One result of the New York Fed’s tactics was to delay public knowledge of the government bailout of AIG’s bank clients until after Geithner’s Senate confirmation hearings in January of 2009, sparing the nominee from embarrassing questions about his role in covering the bad investments of the banks.
The evidence of what amounts to a government conspiracy to rescue the banks and keep the public in the dark underscores the incestuous and corrupt relationship between the state and the financial aristocracy. All of the official institutions of American capitalism are implicated, from the White House (both the Bush and Obama administrations), to Congress, to the media and the courts.
Obama chose Geithner for his treasury secretary precisely because of Geithner’s long record of service to Wall Street. This service by no means ended with the establishment of Maiden Lane III and its concealment.
Geithner played a major role in opposing demands for limits on Wall Street pay. In March of 2009, when public outrage erupted over news that AIG had allocated $1 billion in bonuses, including $165 million for its Financial Products unit—which sold credit default swaps and other derivatives—Geither, together with Obama’s chief financial adviser, Lawrence Summers, intervened to scuttle bills in Congress that would have imposed a surtax and other restrictions on bonuses issued by bailed-out firms.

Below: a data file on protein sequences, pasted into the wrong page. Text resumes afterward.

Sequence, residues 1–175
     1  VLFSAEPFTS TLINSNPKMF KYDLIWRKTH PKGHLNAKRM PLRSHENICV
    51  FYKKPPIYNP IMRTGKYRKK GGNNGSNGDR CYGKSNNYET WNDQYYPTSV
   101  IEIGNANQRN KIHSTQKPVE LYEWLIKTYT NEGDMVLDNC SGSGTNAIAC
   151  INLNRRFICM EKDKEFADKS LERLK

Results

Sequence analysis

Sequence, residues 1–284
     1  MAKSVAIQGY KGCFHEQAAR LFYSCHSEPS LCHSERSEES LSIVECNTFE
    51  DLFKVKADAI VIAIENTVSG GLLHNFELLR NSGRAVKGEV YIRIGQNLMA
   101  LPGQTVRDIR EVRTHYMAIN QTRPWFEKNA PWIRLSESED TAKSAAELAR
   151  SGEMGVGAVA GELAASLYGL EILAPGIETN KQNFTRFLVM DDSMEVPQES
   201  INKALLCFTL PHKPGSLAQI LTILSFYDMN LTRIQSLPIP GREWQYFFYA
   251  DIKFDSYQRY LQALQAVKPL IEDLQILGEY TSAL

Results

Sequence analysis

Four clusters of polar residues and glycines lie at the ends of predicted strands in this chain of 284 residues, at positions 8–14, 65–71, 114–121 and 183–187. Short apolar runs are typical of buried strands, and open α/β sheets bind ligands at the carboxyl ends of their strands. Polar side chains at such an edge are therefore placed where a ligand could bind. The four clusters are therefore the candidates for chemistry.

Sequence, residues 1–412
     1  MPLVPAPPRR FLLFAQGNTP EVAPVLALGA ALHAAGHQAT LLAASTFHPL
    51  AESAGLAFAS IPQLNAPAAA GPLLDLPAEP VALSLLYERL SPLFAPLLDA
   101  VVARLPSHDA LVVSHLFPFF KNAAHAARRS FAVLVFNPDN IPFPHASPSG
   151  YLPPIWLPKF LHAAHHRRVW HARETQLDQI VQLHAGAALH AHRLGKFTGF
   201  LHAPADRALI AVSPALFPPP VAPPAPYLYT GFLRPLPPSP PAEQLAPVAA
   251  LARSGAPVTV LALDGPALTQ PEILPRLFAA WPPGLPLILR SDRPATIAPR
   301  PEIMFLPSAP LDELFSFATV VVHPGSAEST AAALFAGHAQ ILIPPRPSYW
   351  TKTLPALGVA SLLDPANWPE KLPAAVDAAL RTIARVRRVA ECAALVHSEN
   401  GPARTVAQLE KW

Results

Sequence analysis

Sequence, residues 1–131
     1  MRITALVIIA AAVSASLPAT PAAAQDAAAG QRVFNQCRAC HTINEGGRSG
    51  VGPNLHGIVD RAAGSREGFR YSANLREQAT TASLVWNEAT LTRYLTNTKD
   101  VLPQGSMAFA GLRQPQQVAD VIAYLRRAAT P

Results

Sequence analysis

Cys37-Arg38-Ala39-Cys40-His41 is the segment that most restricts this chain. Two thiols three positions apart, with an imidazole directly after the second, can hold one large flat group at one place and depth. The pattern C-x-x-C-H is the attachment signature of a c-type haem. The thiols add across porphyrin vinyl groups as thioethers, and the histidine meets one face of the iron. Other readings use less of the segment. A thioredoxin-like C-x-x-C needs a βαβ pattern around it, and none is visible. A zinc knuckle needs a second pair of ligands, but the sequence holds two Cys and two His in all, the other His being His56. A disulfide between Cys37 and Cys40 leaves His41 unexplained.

Last month, Geithner’s “special master for compensation,” Kenneth Feinberg, agreed to allow AIG to raise the 2009 compensation of a top employee by $4 million. Both Feinberg and AIG have refused to divulge the identity of this recipient of government largess.
Geithner’s predecessor at the Treasury, Henry Paulson, helped engineer the AIG deal which paid off the company’s bank clients at taxpayer expense. It is hardly an accident that before joining the Bush administration, Paulson was the CEO of Goldman Sachs, the chief beneficiary of the secret deal.
When the government bailed out AIG in September of 2008, Paulson fired the CEO and replaced him with Edward Libby, who was then on the board of directors of Goldman. Libby, who has since resigned his AIG post, at the time owned more than 27,000 shares of Goldman Sachs, currently worth over $4.6 million dollars.